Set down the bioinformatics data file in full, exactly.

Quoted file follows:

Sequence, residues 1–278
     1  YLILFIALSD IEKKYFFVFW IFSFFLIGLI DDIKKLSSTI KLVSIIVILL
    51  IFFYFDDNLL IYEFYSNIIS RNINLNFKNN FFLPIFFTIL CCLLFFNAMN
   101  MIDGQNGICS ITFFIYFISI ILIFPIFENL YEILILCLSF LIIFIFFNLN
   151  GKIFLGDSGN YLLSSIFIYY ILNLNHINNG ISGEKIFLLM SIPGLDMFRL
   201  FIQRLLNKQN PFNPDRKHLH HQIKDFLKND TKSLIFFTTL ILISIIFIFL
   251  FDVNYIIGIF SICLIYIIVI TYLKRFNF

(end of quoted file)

Sequence, residues 1–278
     1  YLILFIALSD IEKKYFFVFW IFSFFLIGLI DDIKKLSSTI KLVSIIVILL
    51  IFFYFDDNLL IYEFYSNIIS RNINLNFKNN FFLPIFFTIL CCLLFFNAMN
   101  MIDGQNGICS ITFFIYFISI ILIFPIFENL YEILILCLSF LIIFIFFNLN
   151  GKIFLGDSGN YLLSSIFIYY ILNLNHINNG ISGEKIFLLM SIPGLDMFRL
   201  FIQRLLNKQN PFNPDRKHLH HQIKDFLKND TKSLIFFTTL ILISIIFIFL
   251  FDVNYIIGIF SICLIYIIVI TYLKRFNF